The pricing model of traditional search firms typically does not give clients an opportunity to save. Employers pay a full fee regardless as to whether the search takes a week, a month, or half a year. That’s because the pricing is based on a percentage of annual compensation.
With percentage fees, the more a candidate is paid, the more a search firm makes. Some contend that is a conflict of interest. Percentage-based pricing provides financial incentive for search firms to negotiate higher salaries of the candidates they place, which is not in the best interest of the client.
- Retained search: 30-33% of total first year cash compensation of the candidate placed, plus expenses
- Contingency Search: 20-25% of first year base salary of the candidate placed
Flat Fee Pricing
A small percentage of search firms charge a flat fee, including Egon Zehnder, one of the leading retained firms in the world. (Full disclosure: The Good Search also offers retained services by flat fee.) Egon Zehnder maintains the pricing model enables the firm to be “completely unbiased” and to “facilitate hiring negotiations with no conflict of interest. Most fixed fees are similar in total amount to the percentage based fees.
While there will always be firms that charge less, and there were always be search engagements that enable a firm to charge more, most executive search fees fall within a basic range, regardless as to how the firm does the math.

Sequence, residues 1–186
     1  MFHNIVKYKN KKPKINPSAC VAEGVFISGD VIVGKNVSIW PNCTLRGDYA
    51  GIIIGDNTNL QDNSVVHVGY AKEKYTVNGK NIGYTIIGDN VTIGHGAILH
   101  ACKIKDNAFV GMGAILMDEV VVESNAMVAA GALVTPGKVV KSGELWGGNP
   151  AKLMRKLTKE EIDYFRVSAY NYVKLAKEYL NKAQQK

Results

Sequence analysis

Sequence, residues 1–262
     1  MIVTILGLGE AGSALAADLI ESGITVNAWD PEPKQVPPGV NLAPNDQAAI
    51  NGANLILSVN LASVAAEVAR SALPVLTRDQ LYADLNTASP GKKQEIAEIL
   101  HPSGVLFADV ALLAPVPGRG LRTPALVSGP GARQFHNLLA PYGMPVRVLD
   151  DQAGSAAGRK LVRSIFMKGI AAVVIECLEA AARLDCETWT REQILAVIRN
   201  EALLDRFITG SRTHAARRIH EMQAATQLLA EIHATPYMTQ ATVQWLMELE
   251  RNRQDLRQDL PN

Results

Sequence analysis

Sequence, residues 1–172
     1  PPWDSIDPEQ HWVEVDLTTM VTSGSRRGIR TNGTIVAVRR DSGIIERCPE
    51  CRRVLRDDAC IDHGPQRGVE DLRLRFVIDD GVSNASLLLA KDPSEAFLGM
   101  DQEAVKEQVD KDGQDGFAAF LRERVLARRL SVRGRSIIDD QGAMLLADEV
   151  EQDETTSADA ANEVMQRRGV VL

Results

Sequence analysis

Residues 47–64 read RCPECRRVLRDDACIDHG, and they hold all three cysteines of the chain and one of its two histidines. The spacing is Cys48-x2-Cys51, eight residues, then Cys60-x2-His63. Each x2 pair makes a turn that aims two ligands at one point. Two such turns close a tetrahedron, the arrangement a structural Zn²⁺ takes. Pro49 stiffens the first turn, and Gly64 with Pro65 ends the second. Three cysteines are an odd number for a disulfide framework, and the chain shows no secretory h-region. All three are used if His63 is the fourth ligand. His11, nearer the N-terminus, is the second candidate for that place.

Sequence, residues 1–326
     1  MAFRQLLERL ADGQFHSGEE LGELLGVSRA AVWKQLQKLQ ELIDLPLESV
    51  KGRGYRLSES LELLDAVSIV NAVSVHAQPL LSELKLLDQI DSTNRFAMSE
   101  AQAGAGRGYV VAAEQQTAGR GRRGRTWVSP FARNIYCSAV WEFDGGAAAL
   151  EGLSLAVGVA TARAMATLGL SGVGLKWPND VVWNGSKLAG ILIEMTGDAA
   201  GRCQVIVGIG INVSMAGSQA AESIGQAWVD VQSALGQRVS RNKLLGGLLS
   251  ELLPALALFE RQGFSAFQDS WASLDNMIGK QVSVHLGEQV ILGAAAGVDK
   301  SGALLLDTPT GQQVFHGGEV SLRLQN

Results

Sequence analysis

Average Full-Service Executive Search Fee
$50,000 – $300,000
Executive Search Pricing:In-House Services
At large corporations, the do-it-yourself executive search model has grown in popularity. Large employers with at least a dozen-and-a-half executive openings per year are bringing executive search in-house. In doing so, they frequently turn to executive search research firms and vendors offering unbundled executive search services to augment their own efforts. Sometimes, all they want is a list of potential candidates for their own executive recruiters to call. Sometimes, they want interested, qualified candidates that they’ll usher through the interview process through to hire. Sometimes, they want a firm that flexes to serve as an extension of their own team.
Executive Search Research and Unbundled Services
Executive Search Research firms and search firms offering unbundled services typically charge by the hour, by the project/search, or by monthly retainer. Research firms offering name generation services also charge by-the-name. Name-gen research produces lists of target candidate names. Typically, the lists are comprised of information gathered from the Internet and from calling into companies.